Available in paperback and eBook
Visit my website:
or contact me at:
As the blind man sweeps the streets with his white cane, I look away. As the blind man jingles his cup of coins on corner sidewalks, I look away. As the blind man sells his mops and brooms, I look away.
“You’ll be blind by time you’re twenty-five,” a doctor at Children’s Hospital predicted. “Your blood sugars are way too high.”
I began hearing the frightening phrase diabetic retinopathy at the age of six when I was diagnosed as a type 1 diabetic. This condition causes fragile blood vessels to grow and rupture in the back of the eye and can lead to progressive blindness. And at the age of twelve, when a doctor at a routine visit made this prediction, his cruel words changed the entire course of my life, affecting every major decision I made for years to come.
His words haunted me. They consumed me. They devoured me. Wherever I went or whatever I did, these words echoed in my head. The only time I found refuge was through my artwork. Painting became my sanctuary, a place where I could escape to another place and time. Peace and tranquility. No more pain. But one day when painting a picturesque Tuscan landscape, the initial bout of blindness struck with no warning.
Several buses pulled up, hissing and spewing as slush and mud splashed in all directions. People jumped back to avoid the mud-stained snow. It was a 71 and it was going downtown.
As I stood shivering, waiting for people to file out, a blind woman approached the bus stop, sweeping the snow covered pavement with her white cane. Her flat, monotone voice cut through my thoughts. “Does this bus go downtown?”
“Yes,” I answered her. I wanted to turn my head as I’d done so many times in the past, but my heart went out to her. It was so slippery out and she was so vulnerable. What if she got on the wrong bus—or got stranded somewhere? That could be me some day. Fear welled up in my throat as I watched her maneuver her way on to the bus. She cleared each step with her cane and stepped aboard.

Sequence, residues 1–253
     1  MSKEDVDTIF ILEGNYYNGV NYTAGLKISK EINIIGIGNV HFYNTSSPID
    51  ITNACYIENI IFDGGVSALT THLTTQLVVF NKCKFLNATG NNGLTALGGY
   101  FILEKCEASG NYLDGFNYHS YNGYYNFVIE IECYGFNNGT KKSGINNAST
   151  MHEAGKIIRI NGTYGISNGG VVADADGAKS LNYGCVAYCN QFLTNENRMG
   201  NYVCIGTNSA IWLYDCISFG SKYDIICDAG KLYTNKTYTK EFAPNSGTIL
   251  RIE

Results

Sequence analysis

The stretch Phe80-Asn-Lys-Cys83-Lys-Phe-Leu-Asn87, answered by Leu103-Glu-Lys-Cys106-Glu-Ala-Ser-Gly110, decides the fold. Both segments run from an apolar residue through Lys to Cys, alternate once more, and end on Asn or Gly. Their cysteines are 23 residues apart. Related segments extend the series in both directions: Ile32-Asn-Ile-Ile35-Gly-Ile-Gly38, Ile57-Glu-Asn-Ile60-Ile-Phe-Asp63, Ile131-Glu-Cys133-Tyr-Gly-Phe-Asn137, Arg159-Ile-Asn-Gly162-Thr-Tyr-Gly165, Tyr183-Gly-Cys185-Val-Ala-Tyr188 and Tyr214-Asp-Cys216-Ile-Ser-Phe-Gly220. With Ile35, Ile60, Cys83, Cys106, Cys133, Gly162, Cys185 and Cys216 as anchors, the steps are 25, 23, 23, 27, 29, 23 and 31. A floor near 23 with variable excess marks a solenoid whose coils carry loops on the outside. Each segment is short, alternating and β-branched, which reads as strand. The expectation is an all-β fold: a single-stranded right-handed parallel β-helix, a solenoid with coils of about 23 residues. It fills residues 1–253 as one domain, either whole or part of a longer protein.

A man in the front of the bus stood up. “Here, miss. Take my seat.” He tapped her arm. “Behind you.”
She wordlessly took his seat without uttering so much as a thank you. I sat in the seat directly across from her, not wanting to watch her--but unable to take my eyes off her. She wore dark glasses and a blank expression, so isolated in a world of utter chaos. She pulled a book out of her bag and began feeling it. Braille, I sucked in my breath. A foreboding premonition hurled through me and I thought I might be sick. I couldn’t take this. Visions of my future flashed in front of me, filling me with an uneasiness that had me completely undone.
How could she have the patience to read Braille, feeling all those bumps. After reading small print on legal documents all day, I would never have the tolerance to learn Braille. No way. How could a sighted person adapt to an unsighted world? Would that be me some day? Or was I just hitting the panic button. Then to my horror, the words screeched in my head. “You’ll be blind by time you’re twenty-five.”
Precisely one week later, I was down in my garage, putting the finishing touches on my painting. The rich fertile vineyards of the Tuscan landscape shrouded an inland harbor of mirror still waters. Age-old olive trees framed the hillside. Sitting back to admire my work, I smiled in eager anticipation. Just a few more strokes of the brush for fine detailing, and my masterpiece would be complete.
But suddenly, a huge splattering of black paint covered my beautiful painting. Confused, I wondered how paint had managed to get all over my masterpiece. I blinked several times, but it was still there.
Slowly but surely, my brain received the message. It wasn’t black paint covering my canvas at all; it was blood covering my retina. My worst nightmare had just come true. I’d had a massive retinal hemorrhage.
Dumbfounded, my paintbrush slipped from my fingers and rolled across the floor. I felt like I was drowning, losing consciousness. I sunk into a chair, clasping my hand over my mouth. Heart-wrenching pain stabbed at my gut. Nausea threatened. Then the tears spilled. “Nooo! Not yet. It’s too soon.”
at 6:55 AM